Matt Levinson, owner of The Quick Fixx at 1511 South St nearby, attributes much stronger sales numbers this summer to the PHS Pop-Up. “I saw an 30-35% increase in my eat-in business,” he says adding “Prior to this summer, the weekly exodus of Philadelphia shore folk would slow business. I didn’t feel a slow-down at all this summer.”
Similar sentiments were shared by Marcus Ferreira, board member of South Street West Business Association. Both he and Levinson alluded to millennials living in the area, less keen on the costs of renting shore homes and more likely to stay nearby for the summer. “When well-designed green spaces are integrated into the fabric of the street people may find reason to not leave the city during the traditional summer slow season. Why leave when there are cheaper, easier options nearby?”
Ferreira went on to state the importance of the space saying “the tens of thousands of additional patrons The PHS Pop-Up Garden brought to our corridor generated significant additional foot traffic providing immediate economic impact to our member businesses.”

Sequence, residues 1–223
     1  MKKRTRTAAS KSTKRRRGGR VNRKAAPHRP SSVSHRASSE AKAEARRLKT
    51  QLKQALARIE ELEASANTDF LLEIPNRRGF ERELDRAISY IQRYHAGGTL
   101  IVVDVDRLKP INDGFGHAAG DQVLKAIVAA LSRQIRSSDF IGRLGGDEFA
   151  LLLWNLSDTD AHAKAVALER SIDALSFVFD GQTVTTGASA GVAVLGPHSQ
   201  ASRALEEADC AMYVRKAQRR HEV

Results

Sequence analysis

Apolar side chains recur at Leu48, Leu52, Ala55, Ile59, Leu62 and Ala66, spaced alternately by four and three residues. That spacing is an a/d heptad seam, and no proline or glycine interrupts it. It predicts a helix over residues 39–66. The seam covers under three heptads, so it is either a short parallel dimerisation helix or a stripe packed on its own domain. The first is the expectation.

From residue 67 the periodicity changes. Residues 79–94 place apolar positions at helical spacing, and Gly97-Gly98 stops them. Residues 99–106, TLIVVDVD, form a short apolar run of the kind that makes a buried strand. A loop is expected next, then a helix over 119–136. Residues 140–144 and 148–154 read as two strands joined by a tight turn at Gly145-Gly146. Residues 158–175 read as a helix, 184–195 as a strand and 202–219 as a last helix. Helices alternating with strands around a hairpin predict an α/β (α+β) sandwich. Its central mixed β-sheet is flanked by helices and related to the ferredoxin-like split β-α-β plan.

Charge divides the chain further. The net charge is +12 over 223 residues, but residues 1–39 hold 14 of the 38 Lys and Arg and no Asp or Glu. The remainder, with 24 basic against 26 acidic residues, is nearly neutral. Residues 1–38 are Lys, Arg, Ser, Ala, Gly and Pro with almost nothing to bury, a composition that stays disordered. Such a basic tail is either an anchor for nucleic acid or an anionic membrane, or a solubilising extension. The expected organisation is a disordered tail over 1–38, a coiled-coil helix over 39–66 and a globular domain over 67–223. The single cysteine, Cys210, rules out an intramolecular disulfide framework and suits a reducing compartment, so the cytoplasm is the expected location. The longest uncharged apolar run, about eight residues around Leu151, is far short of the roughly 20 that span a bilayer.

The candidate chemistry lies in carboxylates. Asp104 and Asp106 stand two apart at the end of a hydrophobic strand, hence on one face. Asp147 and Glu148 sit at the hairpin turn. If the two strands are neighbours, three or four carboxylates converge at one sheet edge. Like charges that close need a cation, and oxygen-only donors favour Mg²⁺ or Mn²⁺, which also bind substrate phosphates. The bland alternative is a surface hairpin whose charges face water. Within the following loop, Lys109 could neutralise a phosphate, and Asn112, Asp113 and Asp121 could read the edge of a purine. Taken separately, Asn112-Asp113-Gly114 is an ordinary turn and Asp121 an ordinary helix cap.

Yet despite these successes, our beer gardens captured the attention of our legislators as well, and not in a good way. Lobbying pressure from the Bar & Tavern Owners Association tried to strangle the permitting process that allowed PHS to offer alcohol, the key ingredient to success of their pop-ups. The claim levied is remarkably similar to the reasons why the Philadelphia Parking Authority is blocking ride sharing companies like Lyft from operating here. That claim is that incumbent license holders should be protected from new developments. More specifically, in the case of pop-ups, bar owners who paid at least 5 figures for their liquor licenses should be shielded from organizations, even non-profits, who use club licenses to create pop-up beer gardens.
Thankfully, the public reacted, a change.org petition was circulated and State Legislators backed off. Crisis averted, but the fundamental reasons behind legislators’ initial calls to change laws was and still is fundamentally flawed. We need look no further than attendance numbers at this year’s PHS Pop-Up on South Street. PHS closed their doors for the season a little over a week ago. Over the course of the season 52,200 people enjoyed the PHS Pop-Up on South Street. This is almost double the amount of people from last year when their location on Broad brought in 28,000 people over the summer.